Monday, August 22, 2005

"No more slums. No more violence. No more poverty."

I went to a school reunion this month and of course there were the requisite OMGs and meetings with long lost schoolmates, classmates, and former teachers! The school was originally called Assumption Convent [now College] which then came as no surprise that attendees were 99% female! :) I'll have to give kudos to the Assumption Alumnae Association (AAA) for keeping in touch with their graduates who are now spread world-wide!

I enjoyed myself so much and a BIG thank you to the AAA Chapter of Southern California who organized this year's triennial reunion. Hmmm, I even had the chutzpah to ask the Bishop to dance, alas he turned me down. LOL I blame the vodka 0;-) [Tidbit, the Bishop was the first Filipino-American Bishop here in the US.]

Anyway, what's the relation of this post' title with the reunion? Well, during the day we had motivational and inspirational presentations that were both enlightening and thought-provoking (having grown up in the school there is no surprise there, after all the school is run by nuns!).

One of the presentations was on what I consider revolutionary charitable work. It is called "Gawad Kalinga" whose motto is this post' title. [Incidentally, alma mater's motto is Noblesse Obligé.]

A copied paragraph from the website states that "Gawad Kalinga (GK) , translated in English means “to give care,” and it is an alternative solution to the blatant problem of poverty not just in the Philippines but the world. Its approach is integrated, holistic and sustainable – a concrete action plan to rebuild this nation by harnessing the best of the Filipino – our faith and our patriotism..."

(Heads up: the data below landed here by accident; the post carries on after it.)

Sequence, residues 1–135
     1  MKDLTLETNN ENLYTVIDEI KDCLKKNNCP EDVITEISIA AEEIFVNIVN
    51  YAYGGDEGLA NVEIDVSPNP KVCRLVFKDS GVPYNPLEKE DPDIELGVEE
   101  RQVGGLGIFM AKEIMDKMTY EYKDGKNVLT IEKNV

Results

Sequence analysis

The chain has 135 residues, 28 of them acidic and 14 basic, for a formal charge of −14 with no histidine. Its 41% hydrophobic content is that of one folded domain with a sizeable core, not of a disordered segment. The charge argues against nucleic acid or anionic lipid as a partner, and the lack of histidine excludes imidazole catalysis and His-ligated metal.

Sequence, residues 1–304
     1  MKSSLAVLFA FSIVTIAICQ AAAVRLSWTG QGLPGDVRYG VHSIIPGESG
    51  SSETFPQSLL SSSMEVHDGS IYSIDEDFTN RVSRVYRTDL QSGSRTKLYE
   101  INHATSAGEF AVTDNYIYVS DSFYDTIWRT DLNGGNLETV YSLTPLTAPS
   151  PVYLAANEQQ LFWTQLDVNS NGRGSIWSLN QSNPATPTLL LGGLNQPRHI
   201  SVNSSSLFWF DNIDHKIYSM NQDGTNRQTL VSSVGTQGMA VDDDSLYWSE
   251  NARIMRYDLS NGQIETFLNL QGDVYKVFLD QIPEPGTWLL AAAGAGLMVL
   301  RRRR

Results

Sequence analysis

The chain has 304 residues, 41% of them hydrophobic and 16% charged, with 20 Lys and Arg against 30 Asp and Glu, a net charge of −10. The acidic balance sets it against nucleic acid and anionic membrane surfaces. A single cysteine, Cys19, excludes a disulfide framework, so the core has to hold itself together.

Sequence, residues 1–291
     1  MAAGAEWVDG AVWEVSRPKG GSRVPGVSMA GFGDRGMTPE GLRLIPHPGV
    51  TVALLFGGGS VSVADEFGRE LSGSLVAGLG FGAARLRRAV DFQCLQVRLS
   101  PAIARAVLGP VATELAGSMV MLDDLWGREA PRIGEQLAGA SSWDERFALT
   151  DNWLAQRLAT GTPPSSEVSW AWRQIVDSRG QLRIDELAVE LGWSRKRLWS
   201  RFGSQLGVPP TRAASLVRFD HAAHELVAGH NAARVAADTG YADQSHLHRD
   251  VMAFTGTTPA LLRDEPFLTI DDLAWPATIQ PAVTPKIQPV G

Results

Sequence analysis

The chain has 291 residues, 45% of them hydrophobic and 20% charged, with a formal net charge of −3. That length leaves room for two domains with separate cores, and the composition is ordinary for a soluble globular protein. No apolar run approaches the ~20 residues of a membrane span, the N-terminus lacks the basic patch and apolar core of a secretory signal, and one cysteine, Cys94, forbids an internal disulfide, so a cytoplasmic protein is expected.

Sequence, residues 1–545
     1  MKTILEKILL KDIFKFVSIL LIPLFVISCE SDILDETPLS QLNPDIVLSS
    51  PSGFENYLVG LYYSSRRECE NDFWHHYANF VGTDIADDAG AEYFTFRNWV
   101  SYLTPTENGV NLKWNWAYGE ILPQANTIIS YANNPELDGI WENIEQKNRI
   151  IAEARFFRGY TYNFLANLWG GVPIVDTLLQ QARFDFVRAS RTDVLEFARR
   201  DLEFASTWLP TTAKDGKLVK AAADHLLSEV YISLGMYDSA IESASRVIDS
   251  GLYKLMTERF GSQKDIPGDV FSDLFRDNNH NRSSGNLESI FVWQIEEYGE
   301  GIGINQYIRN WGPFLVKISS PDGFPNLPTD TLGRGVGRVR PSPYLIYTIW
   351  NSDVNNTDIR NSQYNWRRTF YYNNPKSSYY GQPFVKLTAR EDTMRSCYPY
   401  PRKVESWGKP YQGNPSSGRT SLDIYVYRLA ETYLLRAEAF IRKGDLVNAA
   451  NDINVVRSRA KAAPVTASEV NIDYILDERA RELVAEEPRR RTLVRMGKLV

Very impressive, very admirable, very much needed... BUT (here comes the qualifier), those who have lived in the tropics know how much the heat, the humidity, the typhoons, and practically the environment hastens the deterioration of infrastructure. Sad to say shoddy quality of most (not all) of these infrastructure are the norm.

The maintenance of these houses require resources, read: money. These poor people are simply living day-to-day on a hand-to-mouth survival mode. Spending money on house paints is last on their list. I will be the first to admit I know very little of Gawad Kalinga aside from what was shown on the presentation and their website.

I would argue that the key to "No more slums. No more violence. No more poverty." is jobs, jobs, jobs! Not just any minimum wage jobs either but jobs with livable wages. [Let's be realistic, even the USA still has some slums, well ok, trashy trailer parks and ghettos, violence - can't argue there - and poverty.]

I am not against this very noble and admirable charitable work, I simply have reservations. I know, I know, ignorance (mine) plays a major role in this reservation. I will research and pester a whole lot of people to know more about this "Gawad Kalinga" and once I am convinced, knowing myself, I will most probably become an ardent and passionate supporter! I know I should anyway... guilt working big time here.... boy, those nuns sure did a good number on this psyche!